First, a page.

The last week of August will be one of 95 to 100 degree temperatures.
Such heat is uncommon in late August, according to Rod Donavon, National Weather Service meteorologist, but not inexplicable.
"We've got a large area of high pressure across much of the Midwest and it's really pushed a large area of unseasonable warm temperatures into the state, basically," Donavon said. "Obviously, it is somewhat unprecedented to have this long of a stretch of warm temperature at the end of August, but we have had it happen in the past. The last time we've been this warm late in August was back in 1984."
Cars line up at the Dariette Wednesday, their drivers seeking a cool afternoon treat. Ice cream is just one way area residents are beating the heat wave, which is expected to last through Saturday.
These temperatures would normally be experienced in early or mid-July, but this year and last they have come in late August and even early September.
"Even this would be warm in the middle of July. It's really late this year," Donavon said. "Typically, our warmest temperatures are mid-July to early August and this is the time we tend to cool down. We tend to have warmer spells right after schools start, but definitely it's really late for having this number of 90-degree days in a row."
The 90-degree heat is a problem for the homeless of Iowa, according to Steve Roe, Beacon of Hope men's shelter director.
"We have guys come and just have a place to stay where it's cool to get out of the heat during the day," he said. "We provide those big gallons of water for the water cooler and we run out every week."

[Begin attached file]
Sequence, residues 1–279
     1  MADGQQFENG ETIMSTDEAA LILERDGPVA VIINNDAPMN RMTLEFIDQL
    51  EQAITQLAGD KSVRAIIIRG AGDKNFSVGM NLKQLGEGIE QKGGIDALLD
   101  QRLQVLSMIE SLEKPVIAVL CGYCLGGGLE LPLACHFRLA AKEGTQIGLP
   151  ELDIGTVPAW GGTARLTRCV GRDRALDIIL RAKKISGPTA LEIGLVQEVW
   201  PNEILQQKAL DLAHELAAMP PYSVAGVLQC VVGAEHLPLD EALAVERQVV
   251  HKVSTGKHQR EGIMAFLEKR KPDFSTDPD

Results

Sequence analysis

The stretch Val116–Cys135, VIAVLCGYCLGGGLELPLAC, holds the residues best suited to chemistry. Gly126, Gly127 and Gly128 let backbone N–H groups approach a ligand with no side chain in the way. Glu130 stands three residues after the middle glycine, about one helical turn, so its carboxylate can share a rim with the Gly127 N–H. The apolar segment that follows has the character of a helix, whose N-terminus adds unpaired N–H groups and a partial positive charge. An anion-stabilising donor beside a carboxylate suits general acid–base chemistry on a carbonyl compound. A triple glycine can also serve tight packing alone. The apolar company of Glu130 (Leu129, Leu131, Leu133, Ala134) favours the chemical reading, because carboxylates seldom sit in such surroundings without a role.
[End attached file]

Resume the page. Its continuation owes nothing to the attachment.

Before this summer, the men's shelter did not have air conditioning, Roe said.
"Last summer we had it in the dorm room, but we didn't have it anywhere else. We feel very fortunate to have what we have now, because we know what it's like," he said. "An old building like this, when it gets hot inside it's like an oven in here. We would be sitting around and we'd be just soaking wet because of the heat. And we just put up with it."
The heat is dangerous for the homeless, Roe said.
"Men who have nowhere to go and they're stuck outside, walking wherever they go, can get heat stroke," he said. "In some of our warmer states, the No. 1 killer of homeless is the heat. And there's not enough room in the shelters. It's a huge problem. The homeless need to have air conditioning as much as they need to have heat in the winter because these conditions can very quickly put someone down."
Jo Seltz, co-owner of The Dariette, said the heat has been a boon for the business.
"Our drive-through has been very busy," Seltz said. "They're wanting to come through, pick up that ice cream in their air-conditioned vehicle and head on out, and have that refreshing treat."
Because of the heat, though, there has not been as much foot traffic.
"There's fewer people sitting on the patio because of the heat. They're staying in their vehicles and using the drive through," Seltz said.
Schools dismissing early due to the heat has not benefited the business, Seltz said.
"We have not seen the waves of kids," she said. "With the middle school being at its new location that has affected the youth coming for ice cream, but we're seeing plenty of adults coming through."
According to Donavon, there will be some relief after this week.
"We'll gradually cool down a little bit over the weekend," he said. "We're still going to be having temperatures in the upper 80s to lower to mid-90s. The best chance for cooler weather to come down is Sunday night into Monday. We do have a cold front coming down, so we can expect temperatures in the upper 70s to mid-80s next week."